Presentation on theme: "Physics 12 Direct Current Motors. Joke of the day: An object at rest stays at rest and an object in motion stays in motion with the same speed and in."— Presentation transcript:
Joke of the day: An object at rest stays at rest and an object in motion stays in motion with the same speed and in the same direction unless acted upon by an unbalanced force.
Direct Current Electric Motor An electric motor converts electrical energy into mechanical energy An electromagnet is the basis of an electric motor A motor uses magnets to create motion. Opposites attract and likes repel. Inside an electric motor, these attracting and repelling forces create rotational motion. Direct current (DC) means the electrical current is flowing in only one direction in a circuit. Batteries are a good source of direct current (DC).
The basics: STATOR ROTOR An electric motor has two basic parts: The stationary part (external magnets, power source, brushes) The rotating part of the electric motor is called the rotor.
Parts (and function) of a DC motor: 1. DC power supply 2. Rotor (armature) 3. Commutator 4. Brushes 5. External magnets
3/4. Commutator and brushes Commutator is simply a pair of plates attached to the end of the rotor These plates provide the two connections for the coil The brushes are attached to the leads from the power supply Commutator and brushes work together to let current flow from the power supply to the electromagnetic coil when they make contact with each other
Brushes attached to battery Commutator attached to rotor
5. Magnets Provides the external magnetic field Used to create a net rotational movement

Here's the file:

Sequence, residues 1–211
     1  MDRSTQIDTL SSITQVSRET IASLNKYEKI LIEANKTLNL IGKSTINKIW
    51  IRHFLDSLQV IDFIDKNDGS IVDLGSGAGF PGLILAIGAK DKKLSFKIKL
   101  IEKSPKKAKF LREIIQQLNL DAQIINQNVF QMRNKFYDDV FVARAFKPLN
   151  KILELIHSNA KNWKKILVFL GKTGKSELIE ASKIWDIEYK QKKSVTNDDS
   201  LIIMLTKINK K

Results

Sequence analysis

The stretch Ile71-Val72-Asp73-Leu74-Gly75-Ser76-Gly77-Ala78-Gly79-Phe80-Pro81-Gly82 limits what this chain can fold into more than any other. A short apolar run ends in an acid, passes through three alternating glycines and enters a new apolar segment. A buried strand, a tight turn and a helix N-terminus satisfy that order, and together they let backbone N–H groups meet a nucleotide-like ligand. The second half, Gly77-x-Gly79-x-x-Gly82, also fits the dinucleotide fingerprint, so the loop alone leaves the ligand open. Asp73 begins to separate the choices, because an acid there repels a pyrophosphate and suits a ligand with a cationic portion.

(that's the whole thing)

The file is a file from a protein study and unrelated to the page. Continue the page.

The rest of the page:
A key component of motors: Torque Torque is a measure of how much a force acting on an object causes that object to rotate. The object rotates about an axis or pivot point
Torque Torque is the cross product of radius and force The units are Nm The direction is positive for ccw and negative for cw
While both A.C. and D.C. motors serve the same function of converting electrical energy into mechanical energy, they are powered, constructed and controlled differently. 1 The most basic difference is the power source. A.C. motors are powered from alternating current (A.C.) while D.C. motors are powered from direct current (D.C.), such as batteries, D.C. power supplies or an AC-to-DC power converter. D.C wound field motors are constructed with brushes and a commutator, which add to the maintenance, limit the speed and usually reduce the life expectancy of brushed D.C. motors. A.C. induction motors do not use brushes; they are very rugged and have long life expectancies. The final basic difference is speed control. The speed of a D.C. motor is controlled by varying the armature winding’s current while the speed of an A.C. motor is controlled by varying the frequency, which is commonly done with an adjustable frequency drive control. 2 Published by Ohio Electric Motors: http://www.ohioelectricmotors.com/what-is-the- difference-between-an-ac-motor-and-a-dc-motor-673#ixzz2PFxVRFMG 1 2http://www.ohioelectricmotors.com/what-is-the- difference-between-an-ac-motor-and-a-dc-motor-673#ixzz2PFxVRFMG